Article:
2022 Grant Recipients

The International Myeloma Foundation (IMF) presents its 2022 Research Grant awards.
Senior Grant Recipients
Xabier Aguirre, PhD
Xabier Agirre, PhD
Center for Applied Medical Research
University of Navarra
Pamplona, Navarra, Spain
Department: Hemato-Oncology

Deciphering the epigenomic mechanisms of transformation from benign monoclonal gammopathies to symptomatic multiple myeloma

Multiple myeloma (MM) is an incurable neoplasm, preceded by a benign phase of the disease (MGUS and SMM). The transformation from MGUS-SMM to MM has been well characterized at genetic level, but so far the modifications that do not alter the genetic code but give rise to changes in gene expression (Epigenome) have not been studied. In this proposal, we will characterize the Epigenome of this transformation from MGUS-SMM to MM in order to identify potential aberrations that allow us to develop new therapeutic strategies for the treatment of patients with this disease.

Funded by: Laughs 4 Life – Kent Oliver

Junior Grant Recipients
Leslie Crews, PhD
Leslie Crews, PhD
University of California, San Diego
La Jolla, CA, USA
Tuning the innate immune multiple myeloma microenvironment by modulating IRF4

This proposal, entitled, “Tuning the innate immune multiple myeloma microenvironment by modulating IRF4,” will endeavor to reprogram myeloma-associated macrophages while simultaneously eradicating malignant plasma cells through selective inhibition of IRF4 in preclinical multiple myeloma models. This research will contribute vital knowledge about the potential impact of anti-inflammatory macrophages on myeloma cell survival and their relevance to the treatment of cancer. We anticipate that the results of our proposed Aims will be rapidly translated into improving treatments for patients with multiple myeloma because we will be exploring the mechanism of action of a state-of-the-art antisense therapeutic agent recently entered clinical trials for MM (NCT04398485). This project is potentially transformative for the diagnosis and treatment of multiple myeloma because it has the potential to distinguish IRF4 antisense therapy as a two-pronged molecular targeting approach that could eradicate tumor cells along with reprogramming the tumor-supportive microenvironment.

Funded by: Angela (Dirks) Barto Memorial Golf Tournament – Chad Barto     

Martina Chiu, PhD
Martina Chiu, PhD
University of Parma
Parma, Italy
Dissecting the nutritional interaction between multiple myeloma and mesenchymal stromal cells reveals novel targetable pathways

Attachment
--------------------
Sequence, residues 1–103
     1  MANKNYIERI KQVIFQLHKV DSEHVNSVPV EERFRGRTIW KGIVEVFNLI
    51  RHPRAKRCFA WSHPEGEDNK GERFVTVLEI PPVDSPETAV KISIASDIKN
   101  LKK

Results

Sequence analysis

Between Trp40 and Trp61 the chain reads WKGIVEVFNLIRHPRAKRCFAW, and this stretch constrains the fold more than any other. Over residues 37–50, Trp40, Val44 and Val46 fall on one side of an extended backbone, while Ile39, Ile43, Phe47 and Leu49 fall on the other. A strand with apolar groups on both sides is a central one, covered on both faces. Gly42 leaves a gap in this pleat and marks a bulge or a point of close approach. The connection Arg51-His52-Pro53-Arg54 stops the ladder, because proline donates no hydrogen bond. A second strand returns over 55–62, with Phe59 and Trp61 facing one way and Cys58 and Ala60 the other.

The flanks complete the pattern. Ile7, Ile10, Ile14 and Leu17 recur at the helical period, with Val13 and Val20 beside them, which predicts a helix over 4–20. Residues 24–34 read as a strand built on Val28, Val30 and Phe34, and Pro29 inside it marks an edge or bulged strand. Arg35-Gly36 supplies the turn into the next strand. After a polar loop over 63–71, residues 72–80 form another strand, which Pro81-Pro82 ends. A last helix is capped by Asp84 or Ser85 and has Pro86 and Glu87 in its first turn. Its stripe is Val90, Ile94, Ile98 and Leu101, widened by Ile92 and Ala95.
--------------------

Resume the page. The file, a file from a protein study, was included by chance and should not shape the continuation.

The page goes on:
Multiple myeloma (MM) cancer cells are craving for the amino acid glutamine that is rapidly taken up depleting bone marrow. Thus, other cell populations in the bone marrow undergo glutamine shortage and are forced to synthesize the amino acid for the malignant cells. As a consequence, bone marrow stromal cells acquire a pro-tumor behavior. Therefore, drugs that limit glutamine consumption of cancer cells or glutamine production and secretion by stromal
cells are expected to hinder MM progression.

Czerkies Memorial Golf Outing – Craig Czerkies

Alessandra Romano, MD, PhD
Alessandra Romano, MD, PhD
University of Catania
Catania, Italy
Defining a novel function for the post-translational modification ufmylation in the adaptive response to arginine deprivation in multiple myeloma

Myeloma cells can survive in arginine starvation, which is toxic for T-cells, to hamper immune function, leading to infections, treatment refractoriness and disease progression. 

Our strong preliminary data revealed a new molecular mechanism, used preferentially in secreting cells, for quick recycling of nucleotides and aminoacids during arginine starvation, called UFMylation, never described before in myeloma. We aim to better understand how UFMylation works in myeloma, and if it is possible to target it to increase the effectiveness of bortezomib (a drug widely used for myeloma treatment) and to identify the underlying mechanisms through which inhibition takes place.

Funded by: Miles for Myeloma 5K Run/Walk – IMF


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Source URL: https://www.myeloma.org/brian-d-novis-research-grants/2022-grant-recipients